It’s plant sale season! It’s time to head down to your local nursery or hit your favorite plant sale and get your tomatoes.
But, choosing the right tomatoes becomes overwhelming when there are hundreds of varieties and what appears to be endless flats of waving tomatoes saying “look at me.”
We reached out to two Wasatch Community Garden experts to find out how to choose the right starts, the best practices for getting your starts in the ground, and what issues, problems and diseases to watch for as your tomato plants grow. Our experts are Marybeth Janrich, Community Education Director, and James Loomis, Director of the Green Team Garden.
Before we jump into choosing tomato starts, there are a couple important gardening concepts that we picked up during our interviews with James and Marybeth:
“The best fertilizer is the gardener's shadow.”
This popular gardening maxim was mentioned by both Marybeth and James during the course of their interviews. So, what does it mean? If you plan to spend time in your garden every morning or evening you will catch issues and diseases right as they start. You’ll know your soil and its conditions. Additionally, you’ll know your watering cycle and if your plants are happy, and you’ll be able to nip those suckers (in the bud) before they get out of control (explained in the second part of this blog).
Best gardening practices will result in happy, abundant plants with fewer problems.
Marybeth said it best.
It’s just like with human health—so washing your hands, getting enough exercise, getting proper sleep, eating healthy. The equivalent in the plant world is not planting your tomatoes too close together, understanding how to prune them properly, having the right nutrition in your soil, the right drainage. So, it’s these preventative practices that will help eliminate problems in the future.
Marybeth Janerich, Wasatch Community Gardens
Start with good, healthy soil, a regular watering schedule, and good lighting conditions. These basics and other proper care, will ensure your plants are on their way to an abundant growing season.
Things to Look for in a Tomato Start
Green healthy leaves, with lots of growth in the center.
Strong, upright stem that isn’t bending over.
There aren't any blossoms already growing on the start.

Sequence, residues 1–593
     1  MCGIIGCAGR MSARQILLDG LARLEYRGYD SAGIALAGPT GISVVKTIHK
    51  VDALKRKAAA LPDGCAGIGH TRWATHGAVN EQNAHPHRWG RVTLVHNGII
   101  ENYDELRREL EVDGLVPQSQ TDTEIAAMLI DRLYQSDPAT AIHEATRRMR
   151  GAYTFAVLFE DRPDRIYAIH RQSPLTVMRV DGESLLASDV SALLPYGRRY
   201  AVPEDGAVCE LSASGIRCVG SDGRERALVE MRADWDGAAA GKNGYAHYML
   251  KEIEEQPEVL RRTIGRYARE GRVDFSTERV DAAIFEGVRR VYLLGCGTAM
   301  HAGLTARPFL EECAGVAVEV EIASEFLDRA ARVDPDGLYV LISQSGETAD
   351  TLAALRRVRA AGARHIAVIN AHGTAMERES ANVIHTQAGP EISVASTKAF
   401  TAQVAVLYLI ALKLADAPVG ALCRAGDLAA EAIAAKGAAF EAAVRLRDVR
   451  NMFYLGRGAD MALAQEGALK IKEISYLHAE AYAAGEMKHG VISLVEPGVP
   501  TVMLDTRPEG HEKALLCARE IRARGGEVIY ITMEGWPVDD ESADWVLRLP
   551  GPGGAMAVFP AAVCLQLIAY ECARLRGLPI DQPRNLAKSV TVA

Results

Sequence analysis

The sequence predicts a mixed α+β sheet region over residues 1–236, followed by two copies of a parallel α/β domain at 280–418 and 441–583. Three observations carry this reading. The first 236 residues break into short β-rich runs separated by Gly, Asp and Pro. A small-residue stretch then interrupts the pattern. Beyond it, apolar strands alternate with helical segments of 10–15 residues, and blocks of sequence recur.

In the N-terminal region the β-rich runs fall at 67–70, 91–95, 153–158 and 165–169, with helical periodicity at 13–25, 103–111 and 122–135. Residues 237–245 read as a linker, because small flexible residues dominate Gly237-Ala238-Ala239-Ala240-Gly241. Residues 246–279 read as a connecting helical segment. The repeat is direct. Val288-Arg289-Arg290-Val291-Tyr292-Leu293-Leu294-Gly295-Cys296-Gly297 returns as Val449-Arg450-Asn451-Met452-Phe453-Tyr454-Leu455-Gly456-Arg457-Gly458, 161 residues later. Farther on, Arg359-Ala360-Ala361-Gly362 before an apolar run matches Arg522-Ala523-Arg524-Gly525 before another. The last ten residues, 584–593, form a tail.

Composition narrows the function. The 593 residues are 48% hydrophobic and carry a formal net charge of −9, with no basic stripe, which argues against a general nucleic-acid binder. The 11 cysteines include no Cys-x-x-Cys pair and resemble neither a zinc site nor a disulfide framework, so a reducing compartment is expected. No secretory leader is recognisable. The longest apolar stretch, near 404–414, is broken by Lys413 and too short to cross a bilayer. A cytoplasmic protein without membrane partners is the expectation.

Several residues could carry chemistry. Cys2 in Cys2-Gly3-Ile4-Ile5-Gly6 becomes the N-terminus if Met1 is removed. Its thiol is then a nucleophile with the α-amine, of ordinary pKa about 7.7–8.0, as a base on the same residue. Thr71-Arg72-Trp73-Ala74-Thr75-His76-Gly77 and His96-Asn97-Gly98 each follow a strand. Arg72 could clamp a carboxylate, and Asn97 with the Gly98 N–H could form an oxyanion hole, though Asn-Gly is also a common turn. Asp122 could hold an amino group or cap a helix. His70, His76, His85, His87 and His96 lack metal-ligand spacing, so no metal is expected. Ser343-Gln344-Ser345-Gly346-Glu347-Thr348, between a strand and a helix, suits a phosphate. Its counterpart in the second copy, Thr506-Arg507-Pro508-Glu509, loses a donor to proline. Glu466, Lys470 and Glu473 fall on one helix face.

Not too many roots coming out the bottom of the growing container. You don't want your start to be root bound.
There are two types of tomato plants that all varieties fall under...
Determinate - Tomatoes will grow to a certain height and then stop growing. They usually grow all their fruit at once and then will be (pretty much) done growing tomatoes.
If you don’t want to bother with large, trellising structures or have limited space, then you may want to choose tomato varieties that are determinate.
Indeterminate - Tomatoes will continuously grow and produce fruit throughout the season. They can easily grow to be 10 feet in height. You’ll need to have the proper trellising to support them. Heirloom tomatoes, for example, are generally indeterminate.
Before planting your tomatoes, it’s best to acclimate them to the environment first so they can get used to the intense sun, wind and other elements. Properly hardening off your seedlings prevents them from going into shock and dying.
James recommends taking them out in the morning so they can experience that early morning sun and be in the shade by noon. If your overnight temperatures will get below 50 degrees you’ll want to bring them in in the evening. You should do this for at least 3 or 4 days before transplanting them into your garden.
Those Tomato Hairs Are Important
All of those tiny, little hairs you see on the main stem of the plant have the potential to turn into roots! If you are going to bury the plant up to its top most leaves, you’ll want to carefully pinch or break off the leaves at the base of the crown and not bury them.
Tomatoes are unique in the sense that you can bury the crown of the plant, only leaving the top part with the thicker growth of leaves above the ground.
Don’t Go Too Deep!
Tomatoes love to be warm and they love the sun. So, they aren’t too happy about being put in cold soil. A soil thermometer can come in handy when digging the hole to put your tomato in, you'll want to make sure the base of the hole isn’t below 50 degrees. This cold environment will shock the plant and weaken it.
If you don't have a soil thermometer and you think your soil might be below 50 degrees, then don’t go deep and just plant your tomato at the base of the crown at the soil level.
This is an interesting technique James demonstrates in the video.
If your soil is too cold you may want to try the trench method. You simply dig a large, shallow hole that’s wide enough to amply cover your tomato crown. Lay your start on its side in the trench and bury! The top of the plant should turn upright towards the sun in a matter of hours or within a day.
This method allows all of those little hairs to become roots without shocking and stressing the start.
James recommends determinate tomatoes about two feet apart while indeterminate should be about two and a half to three feet apart.
When your plants have proper spacing there’s less chance for disease and pests to spread and the more space for your plants to spread, get proper sun and air flow. It also helps you prune excess growth and harvest your fruits if you’re not fighting with entangled, overcrowded vines to reach your tomatoes.
A common mistake many gardeners make is planting their plants too close together. This is easy to do when your starts are small!